11 Twitter Lead Generation Tips for Scoring WordPress Business
To many, Twitter is the scariest and most overwhelming of the social networks. Yet, it is a powerful B2B marketing tool that just about any business should take advantage of – as long as you use it correctly.
We’ve talked about how to use Instagram to generate leads on this blog, but this article will focus instead on using Twitter for lead generation to grow your business. Though very different than Instagram, businesses that use Twitter will benefit from more clickable links and less of a need for every post to be visually appealing.
So here are some solid ideas for using Twitter for lead generation to grow your freelance business.
Develop a Lead Magnet
A lead magnet is a cornerstone piece that will help with everything else you’ll be doing with regards to using Twitter for lead generation. A lead magnet is essentially a document, eBook or file you’ll offer to people in exchange for their email addresses. A successful lead magnet features a topic of unique significance to your target market.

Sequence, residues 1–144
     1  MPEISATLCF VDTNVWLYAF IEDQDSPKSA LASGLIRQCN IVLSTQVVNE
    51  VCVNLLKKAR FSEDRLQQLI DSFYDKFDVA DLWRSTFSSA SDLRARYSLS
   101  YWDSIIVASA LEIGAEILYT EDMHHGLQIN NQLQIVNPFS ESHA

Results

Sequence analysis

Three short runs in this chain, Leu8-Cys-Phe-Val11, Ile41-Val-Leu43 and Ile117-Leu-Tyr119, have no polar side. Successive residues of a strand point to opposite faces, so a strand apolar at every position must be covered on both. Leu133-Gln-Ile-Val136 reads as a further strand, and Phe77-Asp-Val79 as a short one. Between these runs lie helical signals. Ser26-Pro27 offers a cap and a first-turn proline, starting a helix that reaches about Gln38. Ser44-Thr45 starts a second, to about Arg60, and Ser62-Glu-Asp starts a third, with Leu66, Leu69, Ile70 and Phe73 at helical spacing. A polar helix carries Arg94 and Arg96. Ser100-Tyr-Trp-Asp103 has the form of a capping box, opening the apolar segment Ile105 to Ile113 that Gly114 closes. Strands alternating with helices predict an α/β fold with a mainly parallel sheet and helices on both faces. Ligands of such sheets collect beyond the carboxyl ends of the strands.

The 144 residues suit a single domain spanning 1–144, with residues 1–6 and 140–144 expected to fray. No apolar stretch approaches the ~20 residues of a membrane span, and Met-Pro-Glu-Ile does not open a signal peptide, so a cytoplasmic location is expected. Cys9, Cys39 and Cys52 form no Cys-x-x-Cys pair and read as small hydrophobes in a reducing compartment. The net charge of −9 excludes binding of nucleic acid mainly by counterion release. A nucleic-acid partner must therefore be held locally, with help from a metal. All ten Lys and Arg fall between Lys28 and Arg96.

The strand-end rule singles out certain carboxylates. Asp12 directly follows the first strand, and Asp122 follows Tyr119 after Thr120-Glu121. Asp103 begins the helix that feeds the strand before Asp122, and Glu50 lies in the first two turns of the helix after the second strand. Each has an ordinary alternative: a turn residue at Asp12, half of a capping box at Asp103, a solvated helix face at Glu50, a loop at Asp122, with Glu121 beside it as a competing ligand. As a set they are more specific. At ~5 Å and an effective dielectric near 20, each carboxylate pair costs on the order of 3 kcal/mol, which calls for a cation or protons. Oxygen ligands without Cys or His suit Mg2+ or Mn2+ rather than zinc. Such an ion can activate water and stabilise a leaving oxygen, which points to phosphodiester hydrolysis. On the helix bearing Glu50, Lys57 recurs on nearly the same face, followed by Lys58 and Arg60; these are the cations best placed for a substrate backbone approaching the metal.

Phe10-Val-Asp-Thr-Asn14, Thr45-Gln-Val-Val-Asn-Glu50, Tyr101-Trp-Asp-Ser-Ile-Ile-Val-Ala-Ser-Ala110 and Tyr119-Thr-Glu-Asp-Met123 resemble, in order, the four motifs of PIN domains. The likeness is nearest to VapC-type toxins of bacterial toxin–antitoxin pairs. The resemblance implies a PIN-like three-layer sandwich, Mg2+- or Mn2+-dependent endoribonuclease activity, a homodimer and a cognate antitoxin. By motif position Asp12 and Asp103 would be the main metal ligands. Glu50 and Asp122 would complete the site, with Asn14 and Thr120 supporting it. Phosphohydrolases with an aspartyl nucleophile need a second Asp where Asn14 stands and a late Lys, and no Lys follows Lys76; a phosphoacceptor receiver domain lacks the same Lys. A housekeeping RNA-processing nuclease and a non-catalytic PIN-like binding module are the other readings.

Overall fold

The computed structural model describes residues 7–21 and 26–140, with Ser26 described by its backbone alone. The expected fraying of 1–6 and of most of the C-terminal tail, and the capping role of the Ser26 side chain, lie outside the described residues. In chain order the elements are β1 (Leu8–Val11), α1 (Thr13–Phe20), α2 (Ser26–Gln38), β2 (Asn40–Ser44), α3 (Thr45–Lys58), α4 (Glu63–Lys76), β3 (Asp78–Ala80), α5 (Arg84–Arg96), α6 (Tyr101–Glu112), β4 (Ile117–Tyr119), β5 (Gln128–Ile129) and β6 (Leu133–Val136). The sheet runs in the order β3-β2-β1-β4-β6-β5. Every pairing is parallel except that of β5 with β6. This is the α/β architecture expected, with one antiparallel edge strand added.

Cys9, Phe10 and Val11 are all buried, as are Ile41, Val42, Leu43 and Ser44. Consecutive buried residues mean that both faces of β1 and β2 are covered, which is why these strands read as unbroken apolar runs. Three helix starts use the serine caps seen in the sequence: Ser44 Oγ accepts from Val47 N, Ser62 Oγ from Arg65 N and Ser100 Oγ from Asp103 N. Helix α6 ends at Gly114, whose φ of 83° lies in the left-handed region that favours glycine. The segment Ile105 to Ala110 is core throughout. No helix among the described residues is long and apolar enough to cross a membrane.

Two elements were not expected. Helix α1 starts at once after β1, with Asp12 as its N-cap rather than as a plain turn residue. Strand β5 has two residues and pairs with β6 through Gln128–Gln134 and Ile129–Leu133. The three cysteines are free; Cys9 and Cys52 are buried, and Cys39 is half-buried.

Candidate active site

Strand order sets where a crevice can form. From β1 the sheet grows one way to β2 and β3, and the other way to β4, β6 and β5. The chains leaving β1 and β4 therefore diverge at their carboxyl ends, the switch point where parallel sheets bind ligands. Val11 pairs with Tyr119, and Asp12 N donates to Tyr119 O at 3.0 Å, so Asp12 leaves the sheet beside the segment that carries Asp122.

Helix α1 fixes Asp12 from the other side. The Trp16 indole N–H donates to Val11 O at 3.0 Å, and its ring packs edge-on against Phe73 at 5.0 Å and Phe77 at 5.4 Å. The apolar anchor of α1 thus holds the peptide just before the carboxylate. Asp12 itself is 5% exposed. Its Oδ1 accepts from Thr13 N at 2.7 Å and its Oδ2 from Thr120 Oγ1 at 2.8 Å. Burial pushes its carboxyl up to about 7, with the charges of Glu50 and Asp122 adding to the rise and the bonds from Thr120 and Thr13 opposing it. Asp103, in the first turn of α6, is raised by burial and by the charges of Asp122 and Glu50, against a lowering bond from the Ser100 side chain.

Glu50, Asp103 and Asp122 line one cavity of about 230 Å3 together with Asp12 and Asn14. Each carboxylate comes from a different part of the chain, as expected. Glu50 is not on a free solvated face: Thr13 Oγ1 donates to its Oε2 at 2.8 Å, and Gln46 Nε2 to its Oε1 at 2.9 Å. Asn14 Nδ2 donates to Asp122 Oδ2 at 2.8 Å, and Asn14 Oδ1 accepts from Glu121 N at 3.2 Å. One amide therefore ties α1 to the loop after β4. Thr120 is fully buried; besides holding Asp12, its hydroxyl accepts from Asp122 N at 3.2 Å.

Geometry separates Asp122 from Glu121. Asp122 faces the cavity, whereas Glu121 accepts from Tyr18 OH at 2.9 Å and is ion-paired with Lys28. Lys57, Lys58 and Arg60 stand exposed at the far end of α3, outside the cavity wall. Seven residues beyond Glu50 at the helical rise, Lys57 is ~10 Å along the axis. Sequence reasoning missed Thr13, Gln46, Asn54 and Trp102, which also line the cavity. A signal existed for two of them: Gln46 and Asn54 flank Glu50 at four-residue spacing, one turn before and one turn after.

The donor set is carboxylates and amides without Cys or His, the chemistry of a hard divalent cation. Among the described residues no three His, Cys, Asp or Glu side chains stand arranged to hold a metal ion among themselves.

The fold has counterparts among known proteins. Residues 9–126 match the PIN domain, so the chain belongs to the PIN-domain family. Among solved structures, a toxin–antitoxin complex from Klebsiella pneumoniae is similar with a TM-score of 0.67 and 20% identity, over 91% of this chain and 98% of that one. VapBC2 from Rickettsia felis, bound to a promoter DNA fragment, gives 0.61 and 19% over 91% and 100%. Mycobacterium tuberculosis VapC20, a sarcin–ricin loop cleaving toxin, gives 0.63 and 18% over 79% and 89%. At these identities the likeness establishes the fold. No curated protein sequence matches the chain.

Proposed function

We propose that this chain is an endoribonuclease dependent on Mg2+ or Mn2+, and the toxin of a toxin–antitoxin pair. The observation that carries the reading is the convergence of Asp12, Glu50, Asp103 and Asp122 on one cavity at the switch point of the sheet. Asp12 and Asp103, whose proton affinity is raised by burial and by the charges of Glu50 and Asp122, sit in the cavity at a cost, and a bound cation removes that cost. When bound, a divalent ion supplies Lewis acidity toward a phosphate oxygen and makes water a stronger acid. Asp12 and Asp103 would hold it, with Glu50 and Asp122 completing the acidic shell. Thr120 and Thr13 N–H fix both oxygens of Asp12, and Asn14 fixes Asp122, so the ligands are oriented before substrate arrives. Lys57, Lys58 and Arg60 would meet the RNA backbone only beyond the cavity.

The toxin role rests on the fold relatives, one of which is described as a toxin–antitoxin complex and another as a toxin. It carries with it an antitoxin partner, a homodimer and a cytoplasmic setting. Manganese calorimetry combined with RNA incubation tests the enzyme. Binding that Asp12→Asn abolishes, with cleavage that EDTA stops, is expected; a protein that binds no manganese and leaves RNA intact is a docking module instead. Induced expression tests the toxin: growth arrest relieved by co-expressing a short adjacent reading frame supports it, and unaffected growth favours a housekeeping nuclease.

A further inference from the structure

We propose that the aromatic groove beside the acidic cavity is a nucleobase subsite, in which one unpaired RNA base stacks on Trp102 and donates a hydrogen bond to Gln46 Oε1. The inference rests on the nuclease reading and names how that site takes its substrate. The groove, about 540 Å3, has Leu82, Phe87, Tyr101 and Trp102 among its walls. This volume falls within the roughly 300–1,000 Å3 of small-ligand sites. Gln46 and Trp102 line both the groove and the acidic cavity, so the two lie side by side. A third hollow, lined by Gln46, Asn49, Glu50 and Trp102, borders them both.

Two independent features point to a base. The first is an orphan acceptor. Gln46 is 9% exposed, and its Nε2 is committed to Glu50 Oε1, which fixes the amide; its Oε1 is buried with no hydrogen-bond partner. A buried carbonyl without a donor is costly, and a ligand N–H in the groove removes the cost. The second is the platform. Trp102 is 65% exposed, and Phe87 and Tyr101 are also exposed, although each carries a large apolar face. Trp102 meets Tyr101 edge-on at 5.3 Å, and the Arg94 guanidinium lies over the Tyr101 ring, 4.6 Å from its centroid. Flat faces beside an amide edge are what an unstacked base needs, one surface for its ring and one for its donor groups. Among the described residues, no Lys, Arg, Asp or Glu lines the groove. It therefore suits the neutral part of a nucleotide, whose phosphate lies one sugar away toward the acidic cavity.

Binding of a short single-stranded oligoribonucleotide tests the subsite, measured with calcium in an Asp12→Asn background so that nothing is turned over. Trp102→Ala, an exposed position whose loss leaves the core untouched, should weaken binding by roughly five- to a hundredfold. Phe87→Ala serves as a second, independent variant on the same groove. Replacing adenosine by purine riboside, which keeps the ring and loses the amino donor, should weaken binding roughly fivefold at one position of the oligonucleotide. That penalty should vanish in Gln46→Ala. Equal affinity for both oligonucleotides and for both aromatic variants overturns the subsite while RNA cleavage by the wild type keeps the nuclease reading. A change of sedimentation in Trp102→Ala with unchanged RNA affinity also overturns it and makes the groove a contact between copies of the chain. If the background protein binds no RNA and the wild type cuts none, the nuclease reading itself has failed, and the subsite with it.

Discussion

If you’re selling WordPress web development services, here are a few suggestions for topics that could make the perfect lead magnet for your potential clients (or will at least give a basis from which to brainstorm topics more relevant to your specific business):
- How to Choose the Perfect Web Host and Content Management System: or, a document of some sort that covers any common questions for people new to the process of setting up a website. Marketing your lead magnet as an ebook can help to give it more value than the typical person places on a standard blog post.
- A Website Launch Checklist: or, any type of checklist that can help a potential client plan, implement, or monitor a new web project. Consider working with a graphic designer (if you’re not particularly gifted in the area) to make it look professional.